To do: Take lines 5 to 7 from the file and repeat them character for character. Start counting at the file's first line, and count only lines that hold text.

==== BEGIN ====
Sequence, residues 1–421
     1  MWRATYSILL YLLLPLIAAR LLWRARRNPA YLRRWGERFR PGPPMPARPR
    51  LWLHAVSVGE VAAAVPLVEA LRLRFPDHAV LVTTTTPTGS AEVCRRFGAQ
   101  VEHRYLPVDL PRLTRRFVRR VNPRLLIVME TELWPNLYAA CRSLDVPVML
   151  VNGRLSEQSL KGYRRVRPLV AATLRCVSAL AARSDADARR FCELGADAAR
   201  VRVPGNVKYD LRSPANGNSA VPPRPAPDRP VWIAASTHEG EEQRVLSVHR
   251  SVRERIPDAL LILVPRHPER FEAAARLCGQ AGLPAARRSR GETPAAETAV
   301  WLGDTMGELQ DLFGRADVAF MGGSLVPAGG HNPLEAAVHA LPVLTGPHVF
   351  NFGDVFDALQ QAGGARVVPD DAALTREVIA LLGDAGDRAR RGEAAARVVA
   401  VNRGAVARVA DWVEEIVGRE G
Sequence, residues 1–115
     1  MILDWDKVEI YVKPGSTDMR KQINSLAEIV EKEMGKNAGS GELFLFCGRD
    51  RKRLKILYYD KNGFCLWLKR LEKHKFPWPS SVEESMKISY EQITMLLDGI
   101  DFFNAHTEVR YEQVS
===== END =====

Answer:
   151  VNGRLSEQSL KGYRRVRPLV AATLRCVSAL AARSDADARR FCELGADAAR
   201  VRVPGNVKYD LRSPANGNSA VPPRPAPDRP VWIAASTHEG EEQRVLSVHR
   251  SVRERIPDAL LILVPRHPER FEAAARLCGQ AGLPAARRSR GETPAAETAV